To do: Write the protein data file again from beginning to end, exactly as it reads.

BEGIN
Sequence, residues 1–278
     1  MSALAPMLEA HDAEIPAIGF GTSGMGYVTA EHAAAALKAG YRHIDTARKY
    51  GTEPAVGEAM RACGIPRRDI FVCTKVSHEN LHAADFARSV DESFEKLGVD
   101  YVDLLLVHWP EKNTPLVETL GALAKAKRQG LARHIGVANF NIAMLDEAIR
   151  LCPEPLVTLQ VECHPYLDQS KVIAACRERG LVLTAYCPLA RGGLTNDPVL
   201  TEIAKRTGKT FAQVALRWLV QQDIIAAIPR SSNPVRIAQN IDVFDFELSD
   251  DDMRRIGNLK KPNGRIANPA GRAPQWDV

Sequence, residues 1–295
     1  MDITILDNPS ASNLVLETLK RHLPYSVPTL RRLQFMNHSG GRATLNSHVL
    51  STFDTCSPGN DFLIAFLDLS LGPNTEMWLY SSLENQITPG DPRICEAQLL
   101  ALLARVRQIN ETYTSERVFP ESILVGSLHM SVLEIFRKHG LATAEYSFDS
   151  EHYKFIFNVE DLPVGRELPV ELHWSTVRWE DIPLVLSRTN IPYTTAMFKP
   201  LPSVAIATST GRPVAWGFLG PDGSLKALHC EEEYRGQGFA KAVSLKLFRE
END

Sequence, residues 1–278
     1  MSALAPMLEA HDAEIPAIGF GTSGMGYVTA EHAAAALKAG YRHIDTARKY
    51  GTEPAVGEAM RACGIPRRDI FVCTKVSHEN LHAADFARSV DESFEKLGVD
   101  YVDLLLVHWP EKNTPLVETL GALAKAKRQG LARHIGVANF NIAMLDEAIR
   151  LCPEPLVTLQ VECHPYLDQS KVIAACRERG LVLTAYCPLA RGGLTNDPVL
   201  TEIAKRTGKT FAQVALRWLV QQDIIAAIPR SSNPVRIAQN IDVFDFELSD
   251  DDMRRIGNLK KPNGRIANPA GRAPQWDV

Sequence, residues 1–295
     1  MDITILDNPS ASNLVLETLK RHLPYSVPTL RRLQFMNHSG GRATLNSHVL
    51  STFDTCSPGN DFLIAFLDLS LGPNTEMWLY SSLENQITPG DPRICEAQLL
   101  ALLARVRQIN ETYTSERVFP ESILVGSLHM SVLEIFRKHG LATAEYSFDS
   151  EHYKFIFNVE DLPVGRELPV ELHWSTVRWE DIPLVLSRTN IPYTTAMFKP
   201  LPSVAIATST GRPVAWGFLG PDGSLKALHC EEEYRGQGFA KAVSLKLFRE